Loading Library Hours...

Borderlands Web Archive

A screenshot of a capture from the Borderlands Web Archive.

A screenshot of a capture from the Borderlands Web Archive.

A screenshot of a capture from the Borderlands Web Archive.

Borderlands are places situated between countries, between empires, or between spheres of political or cultural life that are considered to be separate from each other. Borderlands like the North Caucasus (effectively on the border between Russia and the Middle East) and Kashmir (on the borders of India, Pakistan, China and Afghanistan) are not well-covered by traditional research collections, which tend to focus on majority voices in historical centers of culture, literature, scholarship and political power (i.e., Moscow, Delhi, Beijing, Tehran, etc.). Similarly, many web archives tend to focus on major websites for major countries rather than smaller, more ephemeral web content written in non-dominant languages.

The Borderlands Web Archive (BWA) is intended to capture this highly-multilingual online content, which is at increased risk of disappearing due to political, linguistic, historical, religious, social, environmental and/or other factors. In many cases, the borderlands selected for inclusion in the BWA have a history of internal and external conflict and complicated relationships between diasporas, refugees, and former colonial or imperial legacies, making it likely that online content produced by various actors will change rapidly and/or be removed from the Web at unpredictable intervals.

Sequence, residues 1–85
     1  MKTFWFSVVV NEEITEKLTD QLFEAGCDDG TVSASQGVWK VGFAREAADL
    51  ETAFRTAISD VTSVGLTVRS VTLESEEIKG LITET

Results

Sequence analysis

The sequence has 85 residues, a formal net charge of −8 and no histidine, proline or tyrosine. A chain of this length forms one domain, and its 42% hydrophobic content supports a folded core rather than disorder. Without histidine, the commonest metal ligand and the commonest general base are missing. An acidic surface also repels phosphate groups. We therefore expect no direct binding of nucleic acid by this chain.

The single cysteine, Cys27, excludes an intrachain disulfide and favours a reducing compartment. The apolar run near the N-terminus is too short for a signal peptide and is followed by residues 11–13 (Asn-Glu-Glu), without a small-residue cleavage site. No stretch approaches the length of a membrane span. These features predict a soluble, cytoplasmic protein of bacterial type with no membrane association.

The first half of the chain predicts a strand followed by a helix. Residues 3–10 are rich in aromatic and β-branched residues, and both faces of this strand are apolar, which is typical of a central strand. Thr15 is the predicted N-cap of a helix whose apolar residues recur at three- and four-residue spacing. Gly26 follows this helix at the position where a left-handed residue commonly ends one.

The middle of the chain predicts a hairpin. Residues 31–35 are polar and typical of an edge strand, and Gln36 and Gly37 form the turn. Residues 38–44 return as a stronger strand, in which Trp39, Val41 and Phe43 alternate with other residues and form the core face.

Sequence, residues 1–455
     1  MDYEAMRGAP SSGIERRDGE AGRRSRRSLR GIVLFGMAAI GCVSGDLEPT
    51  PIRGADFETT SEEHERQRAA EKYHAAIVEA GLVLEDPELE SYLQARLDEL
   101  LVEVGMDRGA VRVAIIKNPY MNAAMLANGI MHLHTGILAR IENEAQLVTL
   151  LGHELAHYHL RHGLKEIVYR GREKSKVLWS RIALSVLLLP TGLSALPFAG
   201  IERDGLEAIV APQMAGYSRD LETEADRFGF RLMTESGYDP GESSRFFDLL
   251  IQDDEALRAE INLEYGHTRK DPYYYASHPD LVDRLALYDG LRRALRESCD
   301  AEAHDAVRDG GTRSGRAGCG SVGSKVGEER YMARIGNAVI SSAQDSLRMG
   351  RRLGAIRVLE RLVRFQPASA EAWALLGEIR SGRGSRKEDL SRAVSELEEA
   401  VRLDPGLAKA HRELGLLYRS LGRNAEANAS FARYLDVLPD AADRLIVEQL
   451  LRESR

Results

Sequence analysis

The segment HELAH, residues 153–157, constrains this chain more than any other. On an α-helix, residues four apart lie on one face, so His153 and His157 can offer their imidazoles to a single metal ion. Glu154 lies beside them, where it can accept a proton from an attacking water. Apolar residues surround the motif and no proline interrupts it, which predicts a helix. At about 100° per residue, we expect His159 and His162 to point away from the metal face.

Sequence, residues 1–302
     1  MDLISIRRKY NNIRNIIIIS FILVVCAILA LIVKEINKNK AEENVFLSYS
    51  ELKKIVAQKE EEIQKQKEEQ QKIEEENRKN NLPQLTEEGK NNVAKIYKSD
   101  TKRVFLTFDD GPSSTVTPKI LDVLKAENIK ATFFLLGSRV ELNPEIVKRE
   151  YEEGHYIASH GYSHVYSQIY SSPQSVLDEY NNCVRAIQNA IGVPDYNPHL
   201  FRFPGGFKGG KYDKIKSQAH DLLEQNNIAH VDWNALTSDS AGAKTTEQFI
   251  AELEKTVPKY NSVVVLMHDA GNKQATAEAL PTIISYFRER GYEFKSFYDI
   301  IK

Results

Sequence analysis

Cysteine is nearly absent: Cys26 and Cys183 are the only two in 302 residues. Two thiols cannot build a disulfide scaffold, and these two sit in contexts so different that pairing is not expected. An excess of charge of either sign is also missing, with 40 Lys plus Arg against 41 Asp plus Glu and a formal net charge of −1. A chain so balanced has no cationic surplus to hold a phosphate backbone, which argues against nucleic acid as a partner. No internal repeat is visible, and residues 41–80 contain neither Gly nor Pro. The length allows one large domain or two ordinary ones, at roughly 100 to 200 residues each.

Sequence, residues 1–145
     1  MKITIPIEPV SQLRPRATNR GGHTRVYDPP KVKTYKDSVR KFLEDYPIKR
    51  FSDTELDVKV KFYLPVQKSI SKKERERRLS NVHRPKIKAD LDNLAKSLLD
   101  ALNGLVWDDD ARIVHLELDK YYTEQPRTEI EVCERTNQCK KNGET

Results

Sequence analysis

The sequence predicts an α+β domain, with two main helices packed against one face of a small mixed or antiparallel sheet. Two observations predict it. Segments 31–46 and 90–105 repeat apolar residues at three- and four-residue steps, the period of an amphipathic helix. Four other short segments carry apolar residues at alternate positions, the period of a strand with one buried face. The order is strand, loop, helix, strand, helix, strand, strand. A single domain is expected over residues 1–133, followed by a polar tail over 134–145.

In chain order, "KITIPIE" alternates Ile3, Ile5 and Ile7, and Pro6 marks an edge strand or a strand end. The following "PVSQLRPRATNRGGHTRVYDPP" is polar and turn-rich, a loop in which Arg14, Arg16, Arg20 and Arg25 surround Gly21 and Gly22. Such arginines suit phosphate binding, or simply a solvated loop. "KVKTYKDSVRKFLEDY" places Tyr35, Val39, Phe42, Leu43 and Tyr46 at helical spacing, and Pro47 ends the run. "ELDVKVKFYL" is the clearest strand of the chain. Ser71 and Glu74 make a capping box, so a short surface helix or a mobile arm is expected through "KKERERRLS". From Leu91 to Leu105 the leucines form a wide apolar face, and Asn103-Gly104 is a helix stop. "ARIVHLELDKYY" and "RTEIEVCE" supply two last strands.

Browse the archive ➜ Suggest additions


  • Collection Period: May 2020 to present
  • Frequency of Collection: Sites in the collection are not targeted for capture on a recurring basis.
  • Languages: Collection material is in various languages, including Armenian, Japanese, Russian, Kumyk, Kurdish, Crimean Tatar, and Abkhaz.


  • Websites of small local organizations and local news outlets.
  • Websites created for a local or regional audience by interested local individuals like journalists, scholars, clergy, etc.
  • Websites originating outside the designated geographical region that have a strong connection to it (i.e., via a diaspora and/or refugee community) and/or a strong focus on it (i.e., an academic or human rights organization focused specifically on that region or conflict).
  • Websites that contribute to a wide range of perspectives on specific conflicts and borders.
  • Websites that may be particularly vulnerable to political, cultural, or economic change, including:
    • Websites in local or regional languages.
    • Websites connected to local or regional ethnic or religious groups that are under pressure from neighboring groups or external factors.
    • Websites that express a strong political viewpoint.


Photo of Kit CondillKit Condill
Russian, East European, & Eurasian Studies Librarian
331 Main Library
MC-522 (Campus Mail Code)
1408 West Gregory Drive, Urbana, IL 61801
(217) 244-2073 | condill@illinois.edu